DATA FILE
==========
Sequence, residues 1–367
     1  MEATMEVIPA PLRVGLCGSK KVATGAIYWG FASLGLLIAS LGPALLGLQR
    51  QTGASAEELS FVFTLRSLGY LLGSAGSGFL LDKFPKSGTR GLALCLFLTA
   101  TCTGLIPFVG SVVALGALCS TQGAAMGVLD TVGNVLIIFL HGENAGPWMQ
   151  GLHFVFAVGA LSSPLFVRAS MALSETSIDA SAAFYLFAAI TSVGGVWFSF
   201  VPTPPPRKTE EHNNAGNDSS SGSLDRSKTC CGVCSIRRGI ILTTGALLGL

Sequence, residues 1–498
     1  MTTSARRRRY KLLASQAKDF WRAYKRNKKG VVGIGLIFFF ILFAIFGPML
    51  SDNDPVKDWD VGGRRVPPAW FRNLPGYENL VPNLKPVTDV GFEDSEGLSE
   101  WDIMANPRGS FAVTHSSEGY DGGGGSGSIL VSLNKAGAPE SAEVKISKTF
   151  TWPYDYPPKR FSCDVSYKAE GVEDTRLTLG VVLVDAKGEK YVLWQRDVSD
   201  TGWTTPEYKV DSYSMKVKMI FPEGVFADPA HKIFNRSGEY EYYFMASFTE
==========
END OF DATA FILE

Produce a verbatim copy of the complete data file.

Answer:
Sequence, residues 1–367
     1  MEATMEVIPA PLRVGLCGSK KVATGAIYWG FASLGLLIAS LGPALLGLQR
    51  QTGASAEELS FVFTLRSLGY LLGSAGSGFL LDKFPKSGTR GLALCLFLTA
   101  TCTGLIPFVG SVVALGALCS TQGAAMGVLD TVGNVLIIFL HGENAGPWMQ
   151  GLHFVFAVGA LSSPLFVRAS MALSETSIDA SAAFYLFAAI TSVGGVWFSF
   201  VPTPPPRKTE EHNNAGNDSS SGSLDRSKTC CGVCSIRRGI ILTTGALLGL

Sequence, residues 1–498
     1  MTTSARRRRY KLLASQAKDF WRAYKRNKKG VVGIGLIFFF ILFAIFGPML
    51  SDNDPVKDWD VGGRRVPPAW FRNLPGYENL VPNLKPVTDV GFEDSEGLSE
   101  WDIMANPRGS FAVTHSSEGY DGGGGSGSIL VSLNKAGAPE SAEVKISKTF
   151  TWPYDYPPKR FSCDVSYKAE GVEDTRLTLG VVLVDAKGEK YVLWQRDVSD
   201  TGWTTPEYKV DSYSMKVKMI FPEGVFADPA HKIFNRSGEY EYYFMASFTE